Many Latin-American youth are not adequately engaged in Latin-American civic culture, according to several panelists at the Benson Latin American Collection’s Lozano Long Conference on Friday.
In the panel, titled, “Complex Contradictions: Activism, Economics & Politics,” four professors presented research on various aspects of youth involvement in Latin-American culture.
Chloe Sikes, a curriculum and instruction graduate student, said youth who grow up in cooperative communities believe there are no professional opportunities in the community.
“There’s a sense of belonging in the community but not a sense of place in any other way to make a life in La Cooperativa,” Sikes said. “[It] is the major employer, even for students who might seek a lot of higher education.”
Youth activists face opposition by older, more established union groups, according to Ellen Moodie, an anthropology professor at the University of Illinois at Urbana-Champaign.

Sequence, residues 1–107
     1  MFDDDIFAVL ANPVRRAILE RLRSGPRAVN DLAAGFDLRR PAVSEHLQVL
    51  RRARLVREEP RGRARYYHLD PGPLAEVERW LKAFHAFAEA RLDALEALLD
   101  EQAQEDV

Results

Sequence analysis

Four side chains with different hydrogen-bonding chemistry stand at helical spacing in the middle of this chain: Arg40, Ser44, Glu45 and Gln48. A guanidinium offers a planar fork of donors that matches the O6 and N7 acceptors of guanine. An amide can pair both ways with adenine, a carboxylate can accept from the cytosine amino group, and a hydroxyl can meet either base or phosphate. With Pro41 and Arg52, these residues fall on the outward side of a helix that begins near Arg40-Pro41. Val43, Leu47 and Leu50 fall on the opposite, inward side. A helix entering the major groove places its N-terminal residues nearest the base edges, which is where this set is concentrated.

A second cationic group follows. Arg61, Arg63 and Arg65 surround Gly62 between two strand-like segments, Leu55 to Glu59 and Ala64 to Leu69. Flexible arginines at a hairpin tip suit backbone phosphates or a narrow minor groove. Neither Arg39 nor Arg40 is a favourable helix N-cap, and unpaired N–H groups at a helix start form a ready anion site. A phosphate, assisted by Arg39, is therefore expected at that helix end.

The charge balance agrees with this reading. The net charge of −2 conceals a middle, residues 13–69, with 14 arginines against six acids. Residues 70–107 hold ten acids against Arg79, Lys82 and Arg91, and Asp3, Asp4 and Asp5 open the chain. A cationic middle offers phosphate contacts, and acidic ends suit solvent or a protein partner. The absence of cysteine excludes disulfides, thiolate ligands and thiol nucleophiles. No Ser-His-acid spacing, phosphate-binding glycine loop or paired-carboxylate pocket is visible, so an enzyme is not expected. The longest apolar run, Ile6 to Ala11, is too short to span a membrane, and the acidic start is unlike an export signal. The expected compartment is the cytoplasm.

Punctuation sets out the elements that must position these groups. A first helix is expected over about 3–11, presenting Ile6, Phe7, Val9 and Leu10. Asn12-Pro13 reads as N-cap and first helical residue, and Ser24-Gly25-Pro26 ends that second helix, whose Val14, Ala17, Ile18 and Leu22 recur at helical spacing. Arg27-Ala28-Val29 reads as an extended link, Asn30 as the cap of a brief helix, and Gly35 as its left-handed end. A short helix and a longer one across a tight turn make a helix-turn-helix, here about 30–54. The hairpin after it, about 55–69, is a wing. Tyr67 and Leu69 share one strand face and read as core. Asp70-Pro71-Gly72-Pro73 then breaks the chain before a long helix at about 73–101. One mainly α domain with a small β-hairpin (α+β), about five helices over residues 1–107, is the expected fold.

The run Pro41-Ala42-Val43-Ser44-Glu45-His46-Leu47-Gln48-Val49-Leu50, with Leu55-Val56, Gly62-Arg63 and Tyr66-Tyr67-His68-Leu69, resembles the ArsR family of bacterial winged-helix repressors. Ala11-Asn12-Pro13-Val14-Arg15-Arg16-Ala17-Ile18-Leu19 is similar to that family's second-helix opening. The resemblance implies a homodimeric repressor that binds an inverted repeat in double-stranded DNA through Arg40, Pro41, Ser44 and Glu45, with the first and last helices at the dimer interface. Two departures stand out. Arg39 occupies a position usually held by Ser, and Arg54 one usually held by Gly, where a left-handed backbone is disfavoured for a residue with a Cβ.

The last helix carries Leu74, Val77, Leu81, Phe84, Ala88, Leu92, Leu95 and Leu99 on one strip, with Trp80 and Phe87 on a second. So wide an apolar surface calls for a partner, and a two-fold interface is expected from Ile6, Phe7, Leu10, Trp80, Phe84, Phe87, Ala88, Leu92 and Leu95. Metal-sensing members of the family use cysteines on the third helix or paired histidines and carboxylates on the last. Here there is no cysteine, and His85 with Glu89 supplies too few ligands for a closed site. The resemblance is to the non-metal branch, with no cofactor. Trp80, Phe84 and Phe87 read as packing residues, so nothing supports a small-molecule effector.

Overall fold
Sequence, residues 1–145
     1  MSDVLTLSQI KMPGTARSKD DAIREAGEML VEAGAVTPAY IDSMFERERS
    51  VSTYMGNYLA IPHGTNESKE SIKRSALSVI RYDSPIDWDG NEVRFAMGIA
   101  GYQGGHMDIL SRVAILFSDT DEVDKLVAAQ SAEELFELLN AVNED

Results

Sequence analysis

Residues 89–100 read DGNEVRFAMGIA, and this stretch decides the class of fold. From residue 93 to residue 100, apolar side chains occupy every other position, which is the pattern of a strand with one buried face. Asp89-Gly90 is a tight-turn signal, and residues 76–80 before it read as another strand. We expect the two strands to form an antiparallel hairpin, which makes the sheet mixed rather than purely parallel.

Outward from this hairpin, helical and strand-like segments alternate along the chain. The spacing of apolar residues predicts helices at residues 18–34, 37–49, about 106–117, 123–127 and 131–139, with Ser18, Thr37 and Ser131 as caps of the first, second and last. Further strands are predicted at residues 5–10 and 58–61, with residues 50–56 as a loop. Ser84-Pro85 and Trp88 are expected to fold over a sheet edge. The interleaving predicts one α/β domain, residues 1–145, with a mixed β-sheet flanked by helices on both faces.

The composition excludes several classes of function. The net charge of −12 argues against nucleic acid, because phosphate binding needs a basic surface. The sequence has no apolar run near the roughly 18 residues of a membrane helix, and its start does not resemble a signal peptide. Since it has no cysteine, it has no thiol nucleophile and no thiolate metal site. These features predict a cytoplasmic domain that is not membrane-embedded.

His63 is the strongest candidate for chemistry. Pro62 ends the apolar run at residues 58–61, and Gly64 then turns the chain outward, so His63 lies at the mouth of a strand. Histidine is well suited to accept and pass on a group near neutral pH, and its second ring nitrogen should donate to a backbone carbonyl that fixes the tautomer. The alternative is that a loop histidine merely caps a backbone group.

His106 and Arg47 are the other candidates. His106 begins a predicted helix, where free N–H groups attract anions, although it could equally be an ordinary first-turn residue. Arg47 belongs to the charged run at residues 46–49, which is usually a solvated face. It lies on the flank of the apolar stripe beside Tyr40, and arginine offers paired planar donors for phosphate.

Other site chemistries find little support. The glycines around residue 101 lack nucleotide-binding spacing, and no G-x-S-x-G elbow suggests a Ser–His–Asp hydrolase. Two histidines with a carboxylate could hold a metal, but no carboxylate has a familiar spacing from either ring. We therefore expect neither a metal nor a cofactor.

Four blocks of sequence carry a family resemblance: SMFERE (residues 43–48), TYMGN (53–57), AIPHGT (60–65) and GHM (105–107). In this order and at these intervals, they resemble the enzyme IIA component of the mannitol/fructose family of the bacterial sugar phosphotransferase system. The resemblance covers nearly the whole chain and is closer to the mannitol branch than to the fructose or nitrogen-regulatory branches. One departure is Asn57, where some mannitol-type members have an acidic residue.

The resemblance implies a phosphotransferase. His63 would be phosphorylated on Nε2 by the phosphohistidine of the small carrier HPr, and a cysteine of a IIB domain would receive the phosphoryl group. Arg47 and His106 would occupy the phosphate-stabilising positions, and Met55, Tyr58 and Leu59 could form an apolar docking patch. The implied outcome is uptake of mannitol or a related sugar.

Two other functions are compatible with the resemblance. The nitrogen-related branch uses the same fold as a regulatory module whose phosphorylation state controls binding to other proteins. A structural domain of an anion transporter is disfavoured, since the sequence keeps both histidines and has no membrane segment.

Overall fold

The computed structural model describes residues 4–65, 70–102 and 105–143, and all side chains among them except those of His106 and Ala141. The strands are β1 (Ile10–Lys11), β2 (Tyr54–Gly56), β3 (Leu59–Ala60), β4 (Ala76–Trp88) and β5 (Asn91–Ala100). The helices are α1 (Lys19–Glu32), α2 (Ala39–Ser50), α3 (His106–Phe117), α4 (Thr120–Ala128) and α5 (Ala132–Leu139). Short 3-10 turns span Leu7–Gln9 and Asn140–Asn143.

“Youths represent their entrance into activism as almost accidental and happened upon something, which is far from the way their deeply organized elders represent themselves,” Moodie said.
Sonja Wolf, a visiting professor from Mexico, said youth street gangs in Latin America can be thought of as activists for social change.
“Gang members have started protests or marches in prison,” Wolf said
Alejandra Zambrano, the director of La Poderosa Media Project at Cornell University, said Sikes’ talk contained many similarities with the study abroad program she directs.
“We work connecting students from the U.S. with students from Ecuador,” Zambrano said. “For example, we try to make it a democratic process so that they don’t feel the adults are running and making all the decisions, but all the decisions are given to the students.”